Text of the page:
8. if ye be without–excluded from participation in chastisement, and wishing to be so.
all–all sons: all the worthies enumerated in the eleventh chapter: all the witnesses (Heb 12:1).
are–Greek, “have been made.”
then are ye bastards–of whom their fathers take no care whether they are educated or not; whereas every right-minded father is concerned for the moral well-being of his legitimate son. “Since then not to be chastised is a mark of bastardy, we ought [not to refuse, but] rejoice in chastisement, as a mark of our genuine sonship” [Chrysostom].
9. fathers … which corrected us–rather as Greek, “We had the fathers of our flesh as correctors.”
subjection–See the punishment of insubordination, De 21:18.
Father of spirits–contrasted with “the fathers of our flesh.” “Generation by men is carnal, by God is spiritual” [Bengel]. As “Father of spirits,” He is both the Originator, and the Providential and Gracious Sustainer, at once of animal and spiritual life. Compare “and LIVE,” namely, spiritually; also Heb 12:10, “that we might be partakers of His holiness” (2Pe 1:4). God is a spirit Himself, and the Creator of spirits like Himself, in contrast to men who are flesh, and the progenitors of flesh (Joh 3:6). Jesus our pattern “learned obedience” experimentally by suffering (Heb 5:8).
and live–and so, thereby live spiritually and eternally.
10. Showing wherein the chastisement of our heavenly Father is preferable to that of earthly fathers.
for a few days–that is, with a view to our well-being in the few days of our earthly life: so the Greek.
after their own pleasure–Greek, “according to what seemed fit to themselves.” Their rule of chastening is what may seem fit to their own often erring judgment, temper, or caprice. The two defects of human education are: (1) the prevalence in it of a view to the interests of our short earthly term of days; (2) the absence in parents of the unerring wisdom of our heavenly Father. “They err much at one time in severity, at another in indulgence [1Sa 3:13; Eph 6:4], and do not so much chasten as THINK they chasten” [Bengel].
that we might be partakers of his holiness–becoming holy as He is holy (Joh 15:2). To become holy like God is tantamount to being educated for passing eternity with God (Heb 12:14; 2Pe 1:4). So this “partaking of God’s holiness” stands in contrast to the “few days” of this life, with a view to which earthly fathers generally educate their sons.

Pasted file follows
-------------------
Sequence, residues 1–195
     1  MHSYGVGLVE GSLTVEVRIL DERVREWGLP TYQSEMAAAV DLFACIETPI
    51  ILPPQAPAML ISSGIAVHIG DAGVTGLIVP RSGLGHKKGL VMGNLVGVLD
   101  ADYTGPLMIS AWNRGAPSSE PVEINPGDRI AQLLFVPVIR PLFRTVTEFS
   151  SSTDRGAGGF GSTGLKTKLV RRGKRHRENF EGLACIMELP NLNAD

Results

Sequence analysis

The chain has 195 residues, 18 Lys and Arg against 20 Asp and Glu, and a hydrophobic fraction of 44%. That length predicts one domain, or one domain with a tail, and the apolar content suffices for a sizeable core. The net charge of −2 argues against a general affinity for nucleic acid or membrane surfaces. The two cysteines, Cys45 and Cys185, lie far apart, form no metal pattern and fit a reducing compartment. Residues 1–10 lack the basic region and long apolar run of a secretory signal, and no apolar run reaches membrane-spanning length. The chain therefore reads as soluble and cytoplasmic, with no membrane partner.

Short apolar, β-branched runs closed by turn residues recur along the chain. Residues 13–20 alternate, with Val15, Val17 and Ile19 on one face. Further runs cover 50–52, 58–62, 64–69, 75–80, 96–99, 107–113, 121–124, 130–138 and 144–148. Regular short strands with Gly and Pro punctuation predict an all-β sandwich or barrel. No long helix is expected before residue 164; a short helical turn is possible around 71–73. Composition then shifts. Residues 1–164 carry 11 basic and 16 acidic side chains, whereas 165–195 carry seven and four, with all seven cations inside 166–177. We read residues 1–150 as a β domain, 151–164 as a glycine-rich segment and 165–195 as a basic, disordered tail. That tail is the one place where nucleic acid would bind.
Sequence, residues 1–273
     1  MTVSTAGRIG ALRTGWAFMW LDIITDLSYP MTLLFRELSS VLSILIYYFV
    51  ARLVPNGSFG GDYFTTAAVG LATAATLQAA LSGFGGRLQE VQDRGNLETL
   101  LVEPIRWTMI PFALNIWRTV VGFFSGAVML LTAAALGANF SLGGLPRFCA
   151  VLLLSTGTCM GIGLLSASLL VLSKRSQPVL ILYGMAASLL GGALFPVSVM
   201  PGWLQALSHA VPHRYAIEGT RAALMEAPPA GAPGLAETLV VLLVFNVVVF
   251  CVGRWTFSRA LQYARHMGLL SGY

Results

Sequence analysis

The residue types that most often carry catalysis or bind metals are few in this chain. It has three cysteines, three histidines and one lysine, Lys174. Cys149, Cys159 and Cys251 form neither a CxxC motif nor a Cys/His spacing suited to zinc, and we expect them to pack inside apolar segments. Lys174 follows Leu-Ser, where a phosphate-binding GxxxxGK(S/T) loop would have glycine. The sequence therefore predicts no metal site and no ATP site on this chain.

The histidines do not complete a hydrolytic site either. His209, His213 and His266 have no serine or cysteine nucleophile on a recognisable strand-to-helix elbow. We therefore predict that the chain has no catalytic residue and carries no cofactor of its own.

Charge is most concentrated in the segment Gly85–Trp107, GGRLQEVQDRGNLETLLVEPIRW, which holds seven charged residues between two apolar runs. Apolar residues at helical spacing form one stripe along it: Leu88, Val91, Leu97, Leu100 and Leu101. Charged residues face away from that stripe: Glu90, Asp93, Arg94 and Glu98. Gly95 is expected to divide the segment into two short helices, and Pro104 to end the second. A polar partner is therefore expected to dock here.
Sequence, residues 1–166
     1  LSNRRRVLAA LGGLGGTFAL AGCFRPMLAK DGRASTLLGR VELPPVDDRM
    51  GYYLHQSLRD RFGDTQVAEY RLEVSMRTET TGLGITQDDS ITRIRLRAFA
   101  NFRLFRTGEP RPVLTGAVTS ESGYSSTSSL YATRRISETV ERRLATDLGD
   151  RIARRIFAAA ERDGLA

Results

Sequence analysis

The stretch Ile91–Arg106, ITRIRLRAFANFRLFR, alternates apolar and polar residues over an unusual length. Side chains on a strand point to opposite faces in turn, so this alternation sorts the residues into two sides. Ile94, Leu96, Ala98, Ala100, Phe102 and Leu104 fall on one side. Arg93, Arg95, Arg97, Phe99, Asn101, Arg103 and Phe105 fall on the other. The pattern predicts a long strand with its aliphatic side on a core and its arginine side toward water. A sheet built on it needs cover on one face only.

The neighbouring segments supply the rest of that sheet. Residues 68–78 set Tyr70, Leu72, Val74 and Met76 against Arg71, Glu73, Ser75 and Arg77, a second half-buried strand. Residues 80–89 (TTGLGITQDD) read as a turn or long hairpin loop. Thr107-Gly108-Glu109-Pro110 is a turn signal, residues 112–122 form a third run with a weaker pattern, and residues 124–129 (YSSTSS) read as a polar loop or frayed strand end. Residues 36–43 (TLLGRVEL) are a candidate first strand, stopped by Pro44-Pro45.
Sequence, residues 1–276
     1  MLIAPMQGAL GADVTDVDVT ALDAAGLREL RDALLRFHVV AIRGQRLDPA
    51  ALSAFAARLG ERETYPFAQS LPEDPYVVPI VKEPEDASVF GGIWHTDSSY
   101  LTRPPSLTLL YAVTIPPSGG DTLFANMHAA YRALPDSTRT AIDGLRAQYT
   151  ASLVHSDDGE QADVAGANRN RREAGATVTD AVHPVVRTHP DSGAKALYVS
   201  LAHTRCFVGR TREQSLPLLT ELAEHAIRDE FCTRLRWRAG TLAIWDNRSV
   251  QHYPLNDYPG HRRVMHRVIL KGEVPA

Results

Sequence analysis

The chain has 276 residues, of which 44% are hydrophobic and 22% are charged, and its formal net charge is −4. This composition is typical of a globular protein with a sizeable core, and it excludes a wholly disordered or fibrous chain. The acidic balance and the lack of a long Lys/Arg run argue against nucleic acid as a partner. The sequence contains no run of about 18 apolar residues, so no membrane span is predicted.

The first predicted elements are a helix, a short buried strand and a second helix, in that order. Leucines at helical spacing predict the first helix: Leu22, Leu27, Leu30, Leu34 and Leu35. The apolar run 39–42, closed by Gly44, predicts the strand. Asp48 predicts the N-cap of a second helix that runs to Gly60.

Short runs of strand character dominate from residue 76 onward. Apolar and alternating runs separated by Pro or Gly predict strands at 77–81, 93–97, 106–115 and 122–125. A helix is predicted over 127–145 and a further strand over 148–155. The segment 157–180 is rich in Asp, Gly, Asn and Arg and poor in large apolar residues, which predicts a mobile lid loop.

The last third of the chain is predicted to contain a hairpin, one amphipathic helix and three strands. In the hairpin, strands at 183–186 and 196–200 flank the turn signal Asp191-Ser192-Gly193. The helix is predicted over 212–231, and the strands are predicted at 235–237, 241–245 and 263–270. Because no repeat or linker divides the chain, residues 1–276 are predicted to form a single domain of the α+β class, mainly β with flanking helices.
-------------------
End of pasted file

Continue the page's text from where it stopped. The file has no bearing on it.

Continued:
11. joyous … grievous–Greek, “matter of joy … matter of grief.” The objection that chastening is grievous is here anticipated and answered. It only seems so to those being chastened, whose judgments are confused by the present pain. Its ultimate fruit amply compensates for any temporary pam. The real object of the fathers in chastening is not that they find pleasure in the children’s pain. Gratified wishes, our Father knows, would often be our real curses.
fruit of righteousness–righteousness (in practice, springing from faith) is the fruit which chastening, the tree yields (Php 1:11). “Peaceable” (compare Isa 32:17): in contrast to the ordeal of conflict by which it has been won. “Fruit of righteousness to be enjoyed in peace after the conflict” [Tholuck]. As the olive garland, the emblem of peace as well as victory, was put on the victor’s brow in the games.
exercised thereby–as athletes exercised in training for a contest. Chastisement is the exercise to give experience, and make the spiritual combatant irresistibly victorious (Ro 5:3). “Oh, happy the servant for whose improvement his Lord is earnest, with whom he deigns to be angry, whom He does not deceive by dissembling admonition” (withholding admonition, and so leading the man to think he needs it not)! [Tertullian, Patience, 11]. Observe the “afterwards”; that is the time often when God works.
12. He addresses them as runners in a race, and pugilists, and warriors [Chrysostom]. The “wherefore” is resumed from Heb 12:1.
lift up–In Isa 35:3, from which Paul here quotes, it is, “Strengthen ye the weak hands.” The hand is the symbol of one’s strength. Alford translates, “Put straight again the relaxed hands.” English Version expresses the sense well.
feeble–literally, “paralyzed”; a word used only by Luke, Paul’s companion, in the New Testament. The exhortation has three parts: the first relates to ourselves, Heb 12:12, 13; the second, to others, Heb 12:14, “peace with all men”; the third, to God, “holiness, without which,” &c. The first is referred to in Heb 12:15, “test any man fail of the grace of God”; the second in the words, “lest any root of bitterness,” &c.; the third in Heb 12:16, “Lest there be any fornicator or profane person,” &c. This threefold relation often occurs in Paul’s Epistles. Compare Note, see on Tit 2:12, “soberly, righteously, and godly.” The Greek active verb, not the middle or reflexive, requires the sense to be, Lift up not only your own hands and knees, but also those of your brethren (compare Heb 12:15; Isa 35:4).